Market turmoil hit a new depth Monday as the S&P 500 opened significantly lower, recording the largest daily drop so far in 2019. But as the week progressed, the S&P 500 managed to slowly work back most of the losses.

Markets opened substantially lower on Monday on the news that China was instating a ban on the import of US agricultural goods. This move was seen by many analysts as a way for China to put additional economic pressure on the United States and President Trump specifically, in the year leading up to the next presidential election. The ban of US agricultural imports puts added focus on the Midwest, a segment of the country that has been viewed as ardent supporters of President Trump during the last election cycle.
https://www.reuters.com/article/us-usa-trade-china-agriculture-purchase/china-halts-purchase-of-u-s-farm-products-idUSKCN1UV1WY

Additionally, China took steps to devalue their own currency to better position themselves in a trade war. On Monday, the Yuan in US Dollars hit the lowest level since 2008.  Unlike other currencies that can trade feely on the open market, China limits the movement of its yuan versus the dollar.
The benefit to China in lowering their currency’s value is that it reduces the impact of a US tariff. By nature, tariffs make Chinese goods more expensive in the domestic market and thus less competitive. When China made the conscience decision to adjust its currency’s value relative to the dollar, it diminished the effects of the tariffs.
Because of this action, the Treasury labeled China a currency manipulator. Secretary Steven Mnuchin said that they will “engage with the International Monetary Fund to eliminate the unfair competitive advantage created by China’s latest actions”
https://home.treasury.gov/news/press-releases/sm751

This event marks the first time in since the 1990s that a country has been labeled a currency manipulator. Furthermore, it was China who in the 1990s earned that distinction.
https://www.politico.com/story/2019/08/05/trump-blasts-china-yuan-drop-as-currency-manipulation-1634502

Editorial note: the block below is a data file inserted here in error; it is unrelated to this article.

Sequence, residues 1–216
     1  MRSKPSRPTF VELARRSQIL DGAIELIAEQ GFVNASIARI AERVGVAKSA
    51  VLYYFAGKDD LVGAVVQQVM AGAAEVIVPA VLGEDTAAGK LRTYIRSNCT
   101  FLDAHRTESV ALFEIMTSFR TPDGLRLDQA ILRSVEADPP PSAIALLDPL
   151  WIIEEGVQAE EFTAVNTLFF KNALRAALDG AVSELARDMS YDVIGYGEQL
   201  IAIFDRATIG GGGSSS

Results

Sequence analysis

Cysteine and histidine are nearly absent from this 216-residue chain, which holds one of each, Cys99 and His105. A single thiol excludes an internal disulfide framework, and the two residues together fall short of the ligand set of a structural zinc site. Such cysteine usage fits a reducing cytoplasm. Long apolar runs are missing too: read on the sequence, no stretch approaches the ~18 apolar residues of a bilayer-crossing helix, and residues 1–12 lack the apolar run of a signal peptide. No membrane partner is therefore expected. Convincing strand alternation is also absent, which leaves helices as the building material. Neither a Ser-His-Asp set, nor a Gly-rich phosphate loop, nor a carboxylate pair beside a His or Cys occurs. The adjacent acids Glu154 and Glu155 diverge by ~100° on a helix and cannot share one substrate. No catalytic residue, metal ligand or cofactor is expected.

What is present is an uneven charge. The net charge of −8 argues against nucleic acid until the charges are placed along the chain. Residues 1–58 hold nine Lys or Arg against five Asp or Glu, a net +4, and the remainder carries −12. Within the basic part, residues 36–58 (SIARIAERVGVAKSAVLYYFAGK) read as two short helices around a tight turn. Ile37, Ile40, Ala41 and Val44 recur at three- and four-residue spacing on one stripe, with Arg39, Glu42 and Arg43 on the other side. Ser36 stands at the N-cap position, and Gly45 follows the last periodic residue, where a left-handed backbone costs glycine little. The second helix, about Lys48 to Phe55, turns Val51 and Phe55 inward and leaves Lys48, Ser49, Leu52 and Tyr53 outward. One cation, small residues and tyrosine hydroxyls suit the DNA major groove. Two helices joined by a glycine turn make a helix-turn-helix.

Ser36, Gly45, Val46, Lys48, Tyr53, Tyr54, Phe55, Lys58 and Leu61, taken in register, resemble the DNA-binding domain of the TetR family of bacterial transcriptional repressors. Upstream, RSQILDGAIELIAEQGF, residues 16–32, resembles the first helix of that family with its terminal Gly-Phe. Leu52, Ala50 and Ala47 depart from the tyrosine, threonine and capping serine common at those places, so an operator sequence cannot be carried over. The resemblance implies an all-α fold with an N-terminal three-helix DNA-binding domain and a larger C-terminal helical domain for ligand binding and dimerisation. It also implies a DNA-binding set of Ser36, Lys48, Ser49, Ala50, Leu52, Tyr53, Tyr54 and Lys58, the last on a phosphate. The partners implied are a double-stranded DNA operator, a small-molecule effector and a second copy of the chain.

In the end, the geopolitical turmoil caused the treasury market to drop, sending yields much lower for the week.

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The S&P 500® Index is a capitalization index of 500 stock-designed to measure performance of the broad domestic economy through changes in the aggregate market value of stock representing all major industries.

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The NASDAQ Composite Index measures all NASDAQ domestic and international based common type stocks listed on The NASDAQ Stock Market. Today the NASDAQ Composite includes over 2,500 companies, more than most other stock market indexes. Because it is so broad-based, the Composite is one of the most widely followed and quoted major market indexes

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The MSCI World Index, which is part of The Modern Index Strategy, is a broad global equity benchmark that represents large and mid-cap equity performance across 23 developed markets countries. It covers approximately 85% of the free float-adjusted market capitalization in each country and MSCI World benchmark does not offer exposure to emerging markets.

The MSCI Emerging Markets (EM) Index is designed to represent the performance of large- and mid-cap securities in 24 Emerging Markets countries of the Americas, Europe, the Middle East, Africa and Asia. As of December 2017 it had more than 830 constituents and covered approximately 85% of the free float-adjusted market capitalization in each country.

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